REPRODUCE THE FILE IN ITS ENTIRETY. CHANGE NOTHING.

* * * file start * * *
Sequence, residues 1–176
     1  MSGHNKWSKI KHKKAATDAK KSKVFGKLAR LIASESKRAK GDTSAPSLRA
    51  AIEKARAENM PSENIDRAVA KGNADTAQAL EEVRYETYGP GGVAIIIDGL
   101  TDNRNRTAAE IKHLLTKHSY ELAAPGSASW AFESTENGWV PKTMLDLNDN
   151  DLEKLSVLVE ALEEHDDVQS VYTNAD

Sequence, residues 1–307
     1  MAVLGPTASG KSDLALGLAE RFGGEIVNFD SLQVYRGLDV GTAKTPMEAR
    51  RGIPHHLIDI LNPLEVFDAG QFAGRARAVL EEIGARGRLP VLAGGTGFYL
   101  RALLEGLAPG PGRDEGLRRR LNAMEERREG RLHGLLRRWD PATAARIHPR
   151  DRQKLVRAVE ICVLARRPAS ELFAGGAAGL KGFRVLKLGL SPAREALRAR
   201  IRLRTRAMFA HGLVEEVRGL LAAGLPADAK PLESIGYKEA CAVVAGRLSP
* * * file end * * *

Sequence, residues 1–176
     1  MSGHNKWSKI KHKKAATDAK KSKVFGKLAR LIASESKRAK GDTSAPSLRA
    51  AIEKARAENM PSENIDRAVA KGNADTAQAL EEVRYETYGP GGVAIIIDGL
   101  TDNRNRTAAE IKHLLTKHSY ELAAPGSASW AFESTENGWV PKTMLDLNDN
   151  DLEKLSVLVE ALEEHDDVQS VYTNAD

Sequence, residues 1–307
     1  MAVLGPTASG KSDLALGLAE RFGGEIVNFD SLQVYRGLDV GTAKTPMEAR
    51  RGIPHHLIDI LNPLEVFDAG QFAGRARAVL EEIGARGRLP VLAGGTGFYL
   101  RALLEGLAPG PGRDEGLRRR LNAMEERREG RLHGLLRRWD PATAARIHPR
   151  DRQKLVRAVE ICVLARRPAS ELFAGGAAGL KGFRVLKLGL SPAREALRAR
   201  IRLRTRAMFA HGLVEEVRGL LAAGLPADAK PLESIGYKEA CAVVAGRLSP